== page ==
Skip to Content
Home > Community > Health Library > Cystic Fibrosis Carrier Screening
Cystic fibrosis (CF) is an inherited disease caused by
a change (mutation) in the cystic fibrosis transmembrane regulator (CFTR)
gene. It is a chronic, progressive disease that causes
mucus to become thick and sticky. The mucus builds up
and clogs passages in many of the body's organs, but mostly in the
lungs and the pancreas. In the lungs, the mucus can cause serious breathing
problems and lung disease. In the pancreas, the mucus can cause digestive
problems and malnutrition, which can lead to problems with growth and
Cystic fibrosis (CF) is a
genetic disorder. A child must inherit two defective
CF genes (one defective gene from each parent) to have the disease.
A person who has inherited only one defective CF gene is a
carrier of CF and does not have the
disease but can pass it on to his or her children. This person can also pass on
Cystic fibrosis (CF) carrier
screening is a blood test that determines if you are a carrier of the defective
gene that causes CF. The test can help you determine if you and
your partner have an increased chance of having a child born with CF.
Genetic testing can help
people find out if they may be carriers of cystic fibrosis (CF). This type of genetic testing
allows parents to find out if they have an increased chance of having a child
with CF. Anyone who is interested in knowing his or her carrier status can
request the test, but the test can only be ordered by a doctor.
Genetic counseling to help you understand the meaning
and possible results of the test is recommended prior to genetic
CF carrier screening is recommended for:1
If tests show that you are a
carrier of cystic fibrosis (CF), your partner should also be tested. Both parents must be
carriers of CF for a child to have the disease. If tests show that your partner
is not a carrier of the CF gene, there is a very small chance that you will
have a child with CF.
If you and your partner are both carriers of
CF, there is a 1-in-4 (25%) chance that your child will have CF.
The blood test can detect
whether a person is a carrier of cystic fibrosis (CF) in about 9 out of 10 CF carriers.2 This rate is not the same among all racial and ethnic
groups. There is a small risk that you may be a CF carrier even when the test
results are negative.
The decision to have cystic
fibrosis (CF) carrier screening is a personal one. You may wish to be tested if you
are concerned that you or your partner might be carriers of CF. This may be
more likely if either of you has a family member with the disease.
Some people decide to be tested to help
find out their risks if they choose to have children. Among whites, about 2 to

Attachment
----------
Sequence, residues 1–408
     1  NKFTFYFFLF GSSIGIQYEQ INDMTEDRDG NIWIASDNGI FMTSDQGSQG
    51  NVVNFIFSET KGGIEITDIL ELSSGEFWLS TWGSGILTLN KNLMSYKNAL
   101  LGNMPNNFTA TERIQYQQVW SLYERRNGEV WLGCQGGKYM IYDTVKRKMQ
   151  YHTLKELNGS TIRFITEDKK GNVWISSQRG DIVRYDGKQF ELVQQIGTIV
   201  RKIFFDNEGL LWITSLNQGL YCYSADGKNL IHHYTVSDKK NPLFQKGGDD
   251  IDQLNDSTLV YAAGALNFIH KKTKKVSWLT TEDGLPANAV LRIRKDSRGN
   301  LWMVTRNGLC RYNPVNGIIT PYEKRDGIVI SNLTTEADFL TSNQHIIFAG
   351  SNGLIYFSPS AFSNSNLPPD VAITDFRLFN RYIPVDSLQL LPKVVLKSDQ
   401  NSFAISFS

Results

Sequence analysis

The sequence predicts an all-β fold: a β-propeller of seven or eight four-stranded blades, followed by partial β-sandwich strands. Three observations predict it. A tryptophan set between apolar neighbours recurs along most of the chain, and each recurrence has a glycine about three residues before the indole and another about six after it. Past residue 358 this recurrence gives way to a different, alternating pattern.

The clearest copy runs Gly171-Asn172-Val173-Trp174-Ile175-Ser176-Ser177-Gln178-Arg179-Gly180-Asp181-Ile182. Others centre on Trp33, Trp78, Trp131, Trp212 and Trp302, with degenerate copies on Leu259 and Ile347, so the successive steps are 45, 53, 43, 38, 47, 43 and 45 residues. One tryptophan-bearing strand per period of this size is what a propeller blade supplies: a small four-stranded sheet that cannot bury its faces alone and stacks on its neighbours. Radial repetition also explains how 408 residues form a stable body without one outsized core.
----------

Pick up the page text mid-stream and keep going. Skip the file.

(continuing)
5 out of 100 are carriers of a defective CF gene.3 CF
is much less common in other racial and ethnic groups.
testing is expensive. Another thing that may guide the decision to have
testing is whether the cost of the test is covered by your insurance
You may decide to have carrier testing for CF if you are
already pregnant. The test results may influence your decision about your
pregnancy or help you make decisions about the care of your newborn
There may be reasons you would
choose not to have cystic fibrosis (CF) carrier testing.
The CFF coordinates, supports, and accredits cystic
fibrosis centers and programs, supports research, and advocates for patients.
You can find information about things like treatment, care centers, clinical
trials, and staying healthy. You can also buy medicines from the online
The Genetic Alliance is an international organization
made up of millions of people with genetic conditions and more than 600
advocacy, research, and health care organizations that represent their
interests. The Alliance builds partnerships to promote healthy lives for all
those living with genetic conditions.
The Genetic Alliance
promotes healthy lives by working to speed the translation of genetic advances
into quality and affordable health care, public awareness, and
consumer-centered public policies.
American College of Obstetricians and Gynecologists
(2005, reaffirmed 2007). Update on carrier screening for cystic fibrosis. ACOG
Committee Opinion No. 325. Obstetrics and Gynecology,
Boat TF, Acton JD (2007). Cystic fibrosis. In RM
Kliegman et al., eds., Nelson Textbook of Pediatrics,
18th ed., pp. 1803–1817. Philadelphia: Saunders Elsevier.
Boucher RC, et al. (2010). Cystic fibrosis. In R Mason et al., eds., Murray and Nadel's Textbook of Respiratory Medicine, 5th ed., vol. 1, pp. 985–1022. Philadelphia: Saunders.
June 15, 2011
John Pope, MD - Pediatrics & Susanna McColley, MD - Pediatric Pulmonology
How this information was developed to help you make better health decisions.
To learn more visit Healthwise.org
© 1995-2013 Healthwise, Incorporated. Healthwise, Healthwise for every health decision, and the Healthwise logo are trademarks of Healthwise, Incorporated.
Send Us Your Questions, Comments or Feedback.
Awards & Certifications
Follow Us Online
©2013 Cone Health ~ Greensboro, NC